Supreme Court Takes on Race, Death Penalty, Rejects Gitmo Case
WASHINGTON, DC – The Supreme Court added five new cases to its term for fall 2019, including racial discrimination, the environment, the death penalty, and international child abduction. On the same day, the Court refused to dive into declaring new legal rights for Islamic terrorists held by the U.S. military.
In Comcast Corp. v. National Association of African-American Owned Media and Entertainment Studios Networks, the justices will decide a case alleging that Comcast is behind a racist conspiracy. When negotiations between the cable giant and a group of black-owned media businesses fell apart, that group argued that Comcast intended to discriminate on the basis of the group’s owne’s race. Comcast is represented by two of the most respected Supreme Court litigators in the nation, Miguel Estrada and Tom Hungar from Gibson Dunn.
In Atlanta Richfield Co. v. Christian, the Supreme Court will dive into a CERCLA (Comprehensive Environmental Response, Compensation, and Liability Act) case. It will decide whether federal courts lack jurisdiction to decide certain property rights claims that conflict with EPA actions under CERCLA, and whether CERCLA preempts other state-law claims.
In McKinney v. Arizona, the Court will tackle the death penalty to determine what mitigating and aggravating evidence a state court must consider in a capital case under the Sixth and Eighth Amendments to the Constitution. Justice Anthony Kennedy often voted with liberal justices on death penalty cases, so this could be a revealing case for the Court’s new membership.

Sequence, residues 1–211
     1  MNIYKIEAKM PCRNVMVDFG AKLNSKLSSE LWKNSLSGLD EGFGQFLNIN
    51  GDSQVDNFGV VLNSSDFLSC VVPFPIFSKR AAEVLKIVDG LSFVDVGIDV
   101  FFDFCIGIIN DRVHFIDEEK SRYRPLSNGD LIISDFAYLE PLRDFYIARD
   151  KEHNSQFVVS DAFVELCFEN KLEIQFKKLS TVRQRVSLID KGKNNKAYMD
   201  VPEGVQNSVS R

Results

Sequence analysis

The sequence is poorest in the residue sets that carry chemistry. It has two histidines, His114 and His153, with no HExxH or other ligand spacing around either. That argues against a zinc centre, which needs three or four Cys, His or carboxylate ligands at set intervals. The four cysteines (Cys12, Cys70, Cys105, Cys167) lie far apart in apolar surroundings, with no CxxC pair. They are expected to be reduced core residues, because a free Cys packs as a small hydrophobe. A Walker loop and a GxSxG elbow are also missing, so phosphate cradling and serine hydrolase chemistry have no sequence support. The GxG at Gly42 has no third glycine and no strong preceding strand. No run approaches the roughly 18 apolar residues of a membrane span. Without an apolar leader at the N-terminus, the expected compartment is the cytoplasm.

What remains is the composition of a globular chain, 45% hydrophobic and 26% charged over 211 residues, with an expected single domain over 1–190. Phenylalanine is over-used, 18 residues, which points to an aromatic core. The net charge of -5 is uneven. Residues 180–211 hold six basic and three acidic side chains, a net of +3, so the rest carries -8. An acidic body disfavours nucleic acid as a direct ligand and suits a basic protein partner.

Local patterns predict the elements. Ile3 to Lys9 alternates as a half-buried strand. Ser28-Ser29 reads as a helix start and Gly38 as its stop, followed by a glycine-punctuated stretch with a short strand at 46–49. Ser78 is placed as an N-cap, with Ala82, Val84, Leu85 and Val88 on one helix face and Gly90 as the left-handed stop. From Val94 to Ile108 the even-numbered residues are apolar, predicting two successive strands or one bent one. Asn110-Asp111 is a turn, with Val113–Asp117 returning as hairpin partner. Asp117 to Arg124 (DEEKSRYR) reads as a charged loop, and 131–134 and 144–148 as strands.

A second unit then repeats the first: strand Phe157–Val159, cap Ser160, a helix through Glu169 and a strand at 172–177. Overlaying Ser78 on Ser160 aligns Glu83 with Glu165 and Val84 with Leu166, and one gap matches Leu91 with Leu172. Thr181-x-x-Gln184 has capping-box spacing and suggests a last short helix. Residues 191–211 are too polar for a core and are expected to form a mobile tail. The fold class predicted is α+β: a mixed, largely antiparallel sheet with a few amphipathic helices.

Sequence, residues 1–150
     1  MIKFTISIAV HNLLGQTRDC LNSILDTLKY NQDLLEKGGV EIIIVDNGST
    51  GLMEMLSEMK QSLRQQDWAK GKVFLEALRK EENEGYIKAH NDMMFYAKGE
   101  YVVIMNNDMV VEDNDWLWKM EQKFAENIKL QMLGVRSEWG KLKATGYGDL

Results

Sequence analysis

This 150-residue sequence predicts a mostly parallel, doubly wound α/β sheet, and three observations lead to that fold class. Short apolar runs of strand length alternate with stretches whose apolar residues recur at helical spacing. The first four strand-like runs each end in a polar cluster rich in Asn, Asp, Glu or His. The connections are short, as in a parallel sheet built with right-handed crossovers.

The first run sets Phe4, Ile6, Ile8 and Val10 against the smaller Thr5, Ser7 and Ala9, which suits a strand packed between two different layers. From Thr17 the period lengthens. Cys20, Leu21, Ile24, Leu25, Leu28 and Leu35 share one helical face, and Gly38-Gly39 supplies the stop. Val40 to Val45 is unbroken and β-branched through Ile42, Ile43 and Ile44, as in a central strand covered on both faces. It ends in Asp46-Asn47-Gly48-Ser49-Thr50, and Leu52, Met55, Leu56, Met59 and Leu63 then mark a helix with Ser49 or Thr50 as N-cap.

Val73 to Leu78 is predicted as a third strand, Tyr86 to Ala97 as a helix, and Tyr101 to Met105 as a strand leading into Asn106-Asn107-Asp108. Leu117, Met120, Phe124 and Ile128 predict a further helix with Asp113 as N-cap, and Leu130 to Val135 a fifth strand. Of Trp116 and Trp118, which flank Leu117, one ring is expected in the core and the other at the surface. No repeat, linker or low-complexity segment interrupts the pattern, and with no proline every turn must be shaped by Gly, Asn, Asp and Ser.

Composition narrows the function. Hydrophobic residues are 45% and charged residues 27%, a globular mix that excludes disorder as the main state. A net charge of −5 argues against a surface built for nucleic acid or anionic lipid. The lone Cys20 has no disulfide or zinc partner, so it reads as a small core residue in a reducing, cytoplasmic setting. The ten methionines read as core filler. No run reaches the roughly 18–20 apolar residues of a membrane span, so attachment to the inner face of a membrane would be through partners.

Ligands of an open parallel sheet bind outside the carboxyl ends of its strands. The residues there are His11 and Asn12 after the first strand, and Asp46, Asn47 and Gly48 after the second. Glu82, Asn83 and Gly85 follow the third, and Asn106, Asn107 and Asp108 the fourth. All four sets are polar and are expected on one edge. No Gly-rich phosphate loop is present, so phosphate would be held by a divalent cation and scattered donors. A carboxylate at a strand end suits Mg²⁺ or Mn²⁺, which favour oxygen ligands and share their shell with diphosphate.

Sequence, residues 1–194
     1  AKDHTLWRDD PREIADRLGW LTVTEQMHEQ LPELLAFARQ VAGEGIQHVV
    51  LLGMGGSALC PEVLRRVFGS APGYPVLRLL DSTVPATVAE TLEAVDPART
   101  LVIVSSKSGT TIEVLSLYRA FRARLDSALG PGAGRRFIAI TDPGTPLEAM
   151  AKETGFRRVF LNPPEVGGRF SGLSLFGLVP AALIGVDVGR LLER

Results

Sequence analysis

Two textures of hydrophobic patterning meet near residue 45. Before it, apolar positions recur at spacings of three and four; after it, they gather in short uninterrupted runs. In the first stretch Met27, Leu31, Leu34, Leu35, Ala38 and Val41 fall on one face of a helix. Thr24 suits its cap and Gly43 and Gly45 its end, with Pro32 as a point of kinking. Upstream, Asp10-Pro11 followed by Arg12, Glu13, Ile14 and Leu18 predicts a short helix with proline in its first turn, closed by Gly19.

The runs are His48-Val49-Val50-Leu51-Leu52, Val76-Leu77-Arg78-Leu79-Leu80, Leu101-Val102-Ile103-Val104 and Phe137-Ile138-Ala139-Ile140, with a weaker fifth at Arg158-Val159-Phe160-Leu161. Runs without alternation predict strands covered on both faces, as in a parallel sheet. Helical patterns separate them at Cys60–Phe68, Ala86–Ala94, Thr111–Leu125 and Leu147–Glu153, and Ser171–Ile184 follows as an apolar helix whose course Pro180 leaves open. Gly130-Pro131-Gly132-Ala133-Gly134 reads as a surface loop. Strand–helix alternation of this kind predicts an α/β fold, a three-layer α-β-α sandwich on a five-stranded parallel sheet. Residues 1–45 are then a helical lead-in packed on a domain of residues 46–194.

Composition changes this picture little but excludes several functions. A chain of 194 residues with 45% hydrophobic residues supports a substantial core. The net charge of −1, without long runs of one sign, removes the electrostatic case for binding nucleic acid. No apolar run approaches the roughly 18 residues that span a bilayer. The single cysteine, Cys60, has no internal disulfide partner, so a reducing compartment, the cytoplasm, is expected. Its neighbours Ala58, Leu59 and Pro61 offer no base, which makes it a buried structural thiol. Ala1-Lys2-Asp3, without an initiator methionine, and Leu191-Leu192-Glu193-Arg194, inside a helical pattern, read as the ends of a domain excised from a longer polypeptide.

In Intel Corp. Investment Policy Committee v. Sulyma, the justices will determine how to apply the three-year time limit for ERISA (Employee Retirement Income Security Act). Obama Solicitor General Donald Verilli represents the company.
In Monasky v. Taglieri, the Supreme Court will decide America’s treaty obligations under the Hague Convention on the Civil Aspects of International Child Abduction, which requires children wrongfully removed from their country to be returned to it.
The Court also denied several interesting cases. Foremost among these is al-Alwi v. Trump, wherin an Islamic terrorist detainee in Guantanamo Bay argued that after 17 years of being held by the U.S. military, U.S. courts should now claim the power to consider setting him free. Justice Stephen Breyer issued a statement saying that he would not necessarily take this particular case, but believes the Court should grant a petition to review one of these cases. None of the conservative justices joined Breyer’s call to second-guess the national security decisions of the president and Congress on this matter.
Ken Klukowski is senior legal analyst for Breitbart News. Follow him on Twitter @kenklukowski.